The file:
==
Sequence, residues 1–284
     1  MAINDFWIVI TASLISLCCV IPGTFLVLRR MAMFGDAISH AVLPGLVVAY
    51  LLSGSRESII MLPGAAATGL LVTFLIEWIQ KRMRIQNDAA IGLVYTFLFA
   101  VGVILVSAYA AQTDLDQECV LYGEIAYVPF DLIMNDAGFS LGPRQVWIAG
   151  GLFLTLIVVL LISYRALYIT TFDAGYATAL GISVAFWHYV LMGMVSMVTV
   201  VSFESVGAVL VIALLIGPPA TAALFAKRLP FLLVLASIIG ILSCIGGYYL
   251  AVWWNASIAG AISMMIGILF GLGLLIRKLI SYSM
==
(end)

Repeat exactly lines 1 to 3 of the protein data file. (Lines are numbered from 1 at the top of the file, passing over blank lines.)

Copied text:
Sequence, residues 1–284
     1  MAINDFWIVI TASLISLCCV IPGTFLVLRR MAMFGDAISH AVLPGLVVAY
    51  LLSGSRESII MLPGAAATGL LVTFLIEWIQ KRMRIQNDAA IGLVYTFLFA